In the rarified atmosphere of Capitol Hill, he’s known for wearing plain suits from Kohl’s and walking briskly, rarely pausing to rub elbows with his colleagues. “If you have your birthday, I’m not going to call you up to congratulate you so you’ll love me and you’ll write nice things about me,” Sanders famously told the New York Times editorial board.
He rarely talks about himself. And while, at the encouragement of advisers, he worked on incorporating more of his own story in his campaign this cycle, his emphasis that his bid for the presidency was about the voters, not him, was central to how he operated on the campaign trail; “Not me, us,” was his campaign slogan. At its core, his message gave voters permission to be angry at the circumstances that have kept them down.
Sanders’ decision to exit the race all but guarantees that Biden, whose campaign picked up momentum after he won decisively in South Carolina and swept up much of the South on Super Tuesday, will be the nominee.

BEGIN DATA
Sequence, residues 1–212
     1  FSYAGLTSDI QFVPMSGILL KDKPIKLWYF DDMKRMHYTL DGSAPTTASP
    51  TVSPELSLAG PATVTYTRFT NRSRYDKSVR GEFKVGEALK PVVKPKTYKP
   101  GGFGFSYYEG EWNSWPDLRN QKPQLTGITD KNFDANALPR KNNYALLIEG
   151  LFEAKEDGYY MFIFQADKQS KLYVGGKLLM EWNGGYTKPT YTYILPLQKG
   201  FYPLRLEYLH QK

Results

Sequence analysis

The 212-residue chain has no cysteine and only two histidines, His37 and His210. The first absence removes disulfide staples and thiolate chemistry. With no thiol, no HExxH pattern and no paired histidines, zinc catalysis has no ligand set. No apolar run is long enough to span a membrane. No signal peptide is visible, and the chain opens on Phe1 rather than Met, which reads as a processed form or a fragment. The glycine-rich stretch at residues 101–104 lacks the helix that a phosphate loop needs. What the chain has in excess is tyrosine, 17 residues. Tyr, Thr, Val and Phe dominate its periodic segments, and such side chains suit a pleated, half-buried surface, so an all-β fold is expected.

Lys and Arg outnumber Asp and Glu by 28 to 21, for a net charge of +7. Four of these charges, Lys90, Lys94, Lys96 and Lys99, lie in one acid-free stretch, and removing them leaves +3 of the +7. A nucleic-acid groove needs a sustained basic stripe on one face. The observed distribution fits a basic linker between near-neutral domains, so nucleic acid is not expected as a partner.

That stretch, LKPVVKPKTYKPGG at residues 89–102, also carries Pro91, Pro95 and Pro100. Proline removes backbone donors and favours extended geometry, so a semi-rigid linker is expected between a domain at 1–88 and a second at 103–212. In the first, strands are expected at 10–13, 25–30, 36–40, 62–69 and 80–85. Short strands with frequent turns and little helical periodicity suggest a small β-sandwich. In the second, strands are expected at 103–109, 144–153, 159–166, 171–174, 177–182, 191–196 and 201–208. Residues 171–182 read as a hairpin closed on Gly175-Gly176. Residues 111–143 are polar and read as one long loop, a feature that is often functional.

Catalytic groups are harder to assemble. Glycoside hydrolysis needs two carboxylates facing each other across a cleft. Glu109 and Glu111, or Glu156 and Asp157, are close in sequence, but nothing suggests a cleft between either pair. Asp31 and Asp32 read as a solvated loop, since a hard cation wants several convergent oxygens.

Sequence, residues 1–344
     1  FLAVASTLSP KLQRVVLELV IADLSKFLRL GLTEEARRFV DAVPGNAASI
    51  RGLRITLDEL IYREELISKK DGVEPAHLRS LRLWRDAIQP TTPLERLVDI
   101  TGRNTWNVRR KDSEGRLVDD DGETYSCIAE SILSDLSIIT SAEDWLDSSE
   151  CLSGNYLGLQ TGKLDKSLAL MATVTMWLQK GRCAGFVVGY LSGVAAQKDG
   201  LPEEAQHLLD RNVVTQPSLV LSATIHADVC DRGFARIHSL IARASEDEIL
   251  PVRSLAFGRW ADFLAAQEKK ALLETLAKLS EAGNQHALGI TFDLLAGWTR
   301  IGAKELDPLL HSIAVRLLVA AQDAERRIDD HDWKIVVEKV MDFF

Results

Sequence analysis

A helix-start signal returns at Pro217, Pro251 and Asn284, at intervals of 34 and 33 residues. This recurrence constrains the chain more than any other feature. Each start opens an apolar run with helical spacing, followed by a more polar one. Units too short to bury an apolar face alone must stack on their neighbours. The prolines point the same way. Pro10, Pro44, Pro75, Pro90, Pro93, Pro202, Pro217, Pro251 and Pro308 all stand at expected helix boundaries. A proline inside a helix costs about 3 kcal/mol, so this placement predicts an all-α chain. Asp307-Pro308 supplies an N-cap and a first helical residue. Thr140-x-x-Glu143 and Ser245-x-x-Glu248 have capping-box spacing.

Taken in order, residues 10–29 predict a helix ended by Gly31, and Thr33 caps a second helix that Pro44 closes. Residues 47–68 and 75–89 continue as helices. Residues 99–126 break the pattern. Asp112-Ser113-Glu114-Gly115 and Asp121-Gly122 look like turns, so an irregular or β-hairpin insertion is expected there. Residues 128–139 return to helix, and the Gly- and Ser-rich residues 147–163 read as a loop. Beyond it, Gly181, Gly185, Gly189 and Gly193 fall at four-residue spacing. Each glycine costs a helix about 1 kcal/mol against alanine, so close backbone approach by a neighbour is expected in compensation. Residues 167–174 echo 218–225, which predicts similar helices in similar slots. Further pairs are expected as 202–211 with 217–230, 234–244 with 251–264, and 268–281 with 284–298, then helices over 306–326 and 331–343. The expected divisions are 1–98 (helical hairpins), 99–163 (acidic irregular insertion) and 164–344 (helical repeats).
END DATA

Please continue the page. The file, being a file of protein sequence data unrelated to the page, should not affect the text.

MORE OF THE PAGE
By leaving the race, Sanders is allowing the Democratic party — the very establishment he has long railed against — to focus on defeating Trump. Grappling with the onslaught of the pandemic, there was even less of an appetite among Democrats for a long, drawn-out primary battle as they focus on the crisis at hand.
“It’s critical that everyone who voted in a primary so far votes for the Democratic nominee in November,” says Jared Leopold, an independent Democratic strategist who worked on Washington Gov. Jay Inslee’s presidential campaign. “Democrats can’t afford to allow any question about whether people are going to vote in November.”
Sanders will continue to influence this election, with progressives in the party looking to him for cues. He will be in a position to pressure Biden like he did Clinton, and — thanks in no small part to the massive grassroots fundraising machine he was able to build — he will be in a position to continue broadcasting his message.
It will just not be from the White House, as he had hoped.